Friday, December 2, 2011

The old moral dilemma question with a twist and additions

Adding the virtual element to an old ethical question makes the issue more complex and as I see it incomplete. The decision to kill one or five must be drawn to a conclusion...the results of the death[s] must be virtual too in all of its anatomical gore. The dilemma is unsatisfactorily stated. What if that "one" person is someone you knew and liked and had no connection to the other five. Would that make a difference. What if you are a racist and the "one" is white and the five are non-white. What if you and "one" share the same religion and the five are totally different. What if "one" was in another city when your daughter was raped by the five. The virtual reality dimension isn't really going to help much. This will complete the scenario and add other features to the you want to view one or five bodies being mangled? And are personal decisions a feature of some statistical assumption...that one should die instead of five?

"Moral dilemma: Would you kill 1 person to save 5?"

December 1st, 2011

Psychology & Psychiatry

Imagine a runaway boxcar heading toward five people who can't escape its path. Now imagine you had the power to reroute the boxcar onto different tracks with only one person along that route.

Would you do it?

That's the moral dilemma posed by a team of Michigan State University researchers in a first-of-its-kind study published in the research journal Emotion. Research participants were put in a three dimensional setting and given the power to kill one person (in this case, a realistic digital character) to save five.

The results? About 90 percent of the participants pulled a switch to reroute the boxcar, suggesting people are willing to violate a moral rule if it means minimizing harm.

"What we found is that the rule of 'Thou shalt not kill' can be overcome by considerations of the greater good," said Carlos David Navarrete, lead researcher on the project.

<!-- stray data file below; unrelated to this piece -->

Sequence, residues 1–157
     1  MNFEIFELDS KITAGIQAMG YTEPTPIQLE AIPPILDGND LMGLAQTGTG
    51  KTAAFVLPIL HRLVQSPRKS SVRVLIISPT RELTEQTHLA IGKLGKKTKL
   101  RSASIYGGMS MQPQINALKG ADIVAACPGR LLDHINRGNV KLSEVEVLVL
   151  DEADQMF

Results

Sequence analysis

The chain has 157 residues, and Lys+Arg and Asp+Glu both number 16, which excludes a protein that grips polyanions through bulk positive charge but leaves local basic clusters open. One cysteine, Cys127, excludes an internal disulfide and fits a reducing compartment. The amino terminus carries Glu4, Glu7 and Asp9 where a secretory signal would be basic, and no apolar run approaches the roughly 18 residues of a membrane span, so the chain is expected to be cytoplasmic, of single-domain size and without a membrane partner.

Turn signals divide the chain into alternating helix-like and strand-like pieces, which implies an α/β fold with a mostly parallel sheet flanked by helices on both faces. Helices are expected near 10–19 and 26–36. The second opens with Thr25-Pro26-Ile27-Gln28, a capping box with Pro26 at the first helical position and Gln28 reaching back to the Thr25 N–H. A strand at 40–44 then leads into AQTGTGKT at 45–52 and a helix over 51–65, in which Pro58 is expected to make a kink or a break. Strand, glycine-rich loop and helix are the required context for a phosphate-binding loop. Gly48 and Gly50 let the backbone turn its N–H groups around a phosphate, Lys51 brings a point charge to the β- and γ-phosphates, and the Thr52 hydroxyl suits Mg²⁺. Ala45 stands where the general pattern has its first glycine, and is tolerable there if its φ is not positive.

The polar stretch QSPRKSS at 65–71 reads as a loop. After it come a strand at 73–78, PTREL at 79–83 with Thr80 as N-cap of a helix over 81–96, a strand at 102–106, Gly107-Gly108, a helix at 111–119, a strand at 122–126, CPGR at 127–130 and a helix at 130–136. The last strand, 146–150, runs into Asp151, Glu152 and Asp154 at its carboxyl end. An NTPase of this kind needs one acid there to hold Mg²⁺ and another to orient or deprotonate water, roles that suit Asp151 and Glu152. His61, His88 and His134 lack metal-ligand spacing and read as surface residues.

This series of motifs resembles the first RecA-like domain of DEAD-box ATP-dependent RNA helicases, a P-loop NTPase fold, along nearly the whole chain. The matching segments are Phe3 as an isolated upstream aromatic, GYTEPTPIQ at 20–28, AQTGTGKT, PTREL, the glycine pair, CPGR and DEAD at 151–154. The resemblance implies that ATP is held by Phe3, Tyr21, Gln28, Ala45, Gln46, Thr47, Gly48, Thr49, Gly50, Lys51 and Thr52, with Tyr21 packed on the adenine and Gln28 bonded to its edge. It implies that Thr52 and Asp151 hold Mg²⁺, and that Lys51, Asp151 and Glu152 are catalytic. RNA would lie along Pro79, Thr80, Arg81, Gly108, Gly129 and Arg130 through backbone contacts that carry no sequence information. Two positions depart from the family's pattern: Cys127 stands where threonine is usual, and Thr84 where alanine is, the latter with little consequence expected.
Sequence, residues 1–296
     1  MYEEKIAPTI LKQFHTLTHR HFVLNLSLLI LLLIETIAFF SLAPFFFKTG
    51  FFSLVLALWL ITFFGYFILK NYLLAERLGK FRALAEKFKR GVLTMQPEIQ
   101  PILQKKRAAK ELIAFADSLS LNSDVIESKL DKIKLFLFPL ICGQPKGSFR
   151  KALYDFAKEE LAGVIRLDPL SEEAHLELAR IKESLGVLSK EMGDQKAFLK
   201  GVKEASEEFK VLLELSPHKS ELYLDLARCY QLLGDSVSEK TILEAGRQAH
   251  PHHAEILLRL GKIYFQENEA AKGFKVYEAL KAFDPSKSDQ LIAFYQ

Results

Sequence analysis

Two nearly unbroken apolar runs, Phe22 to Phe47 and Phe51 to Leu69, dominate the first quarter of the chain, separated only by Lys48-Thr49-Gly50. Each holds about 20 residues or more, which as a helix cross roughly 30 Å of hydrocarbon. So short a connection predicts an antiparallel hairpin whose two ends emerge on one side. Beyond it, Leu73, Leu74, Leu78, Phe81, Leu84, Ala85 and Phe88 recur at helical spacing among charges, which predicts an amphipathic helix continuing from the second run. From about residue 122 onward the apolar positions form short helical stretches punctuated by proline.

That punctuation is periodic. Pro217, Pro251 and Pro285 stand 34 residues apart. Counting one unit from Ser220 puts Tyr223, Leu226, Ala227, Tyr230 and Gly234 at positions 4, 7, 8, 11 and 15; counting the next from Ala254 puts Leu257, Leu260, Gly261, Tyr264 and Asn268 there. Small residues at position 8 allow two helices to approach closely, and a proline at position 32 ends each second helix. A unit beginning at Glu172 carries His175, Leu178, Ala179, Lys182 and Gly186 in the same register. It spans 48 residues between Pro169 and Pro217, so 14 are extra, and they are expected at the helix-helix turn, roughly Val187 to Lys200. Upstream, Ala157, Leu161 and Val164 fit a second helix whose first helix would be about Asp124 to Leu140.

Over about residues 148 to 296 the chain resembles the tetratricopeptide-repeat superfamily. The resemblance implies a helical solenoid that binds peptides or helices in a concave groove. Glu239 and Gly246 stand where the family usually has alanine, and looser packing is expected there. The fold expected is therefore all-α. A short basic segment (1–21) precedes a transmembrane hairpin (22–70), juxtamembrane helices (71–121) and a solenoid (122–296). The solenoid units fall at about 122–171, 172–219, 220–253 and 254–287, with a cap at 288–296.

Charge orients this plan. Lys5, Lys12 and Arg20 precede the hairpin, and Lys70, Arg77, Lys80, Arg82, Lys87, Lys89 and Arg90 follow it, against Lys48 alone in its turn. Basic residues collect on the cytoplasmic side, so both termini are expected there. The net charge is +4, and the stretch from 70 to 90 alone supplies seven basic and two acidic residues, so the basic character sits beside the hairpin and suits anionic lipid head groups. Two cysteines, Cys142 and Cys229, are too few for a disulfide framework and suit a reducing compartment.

As an evolutionary psychologist, Navarrete explores big-picture topics such as morality – in other words, how do we come to our moral judgments and does our behavior follow suit?

His latest experiment offers a new twist on the "trolley problem," a moral dilemma that philosophers have contemplated for decades. But this is the first time the dilemma has been posed as a behavioral experiment in a virtual environment, "with the sights, sounds and consequences of our actions thrown into stark relief," the study says.

The research participants were presented with a 3-D simulated version of the classic dilemma though a head-mounted device. Sensors were attached to their fingertips to monitor emotional arousal.

In the virtual world, each participant was stationed at a railroad switch where two sets of tracks veered off. Up ahead and to their right, five people hiked along the tracks in a steep ravine that prevented escape. On the opposite side, a single person hiked along in the same setting.

As the boxcar approached over the horizon, the participants could either do nothing – letting the coal-filled boxcar go along its route and kill the five hikers – or pull a switch (in this case a joystick) and reroute it to the tracks occupied by the single hiker.

Of the 147 participants, 133 (or 90.5 percent) pulled the switch to divert the boxcar, resulting in the death of the one hiker. Fourteen participants allowed the boxcar to kill the five hikers (11 participants did not pull the switch, while three pulled the switch but then returned it to its original position).

The findings are consistent with past research that was not virtual-based, Navarrete said.

The study also found that participants who did not pull the switch were more emotionally aroused. The reasons for this are unknown, although it may be because people freeze up during highly anxious moments – akin to a solider failing to fire his weapon in battle, Navarrete said.

"I think humans have an aversion to harming others that needs to be overridden by something," Navarrete said. "By rational thinking we can sometimes override it – by thinking about the people we will save, for example. But for some people, that increase in anxiety may be so overpowering that they don't make the utilitarian choice, the choice for the greater good."

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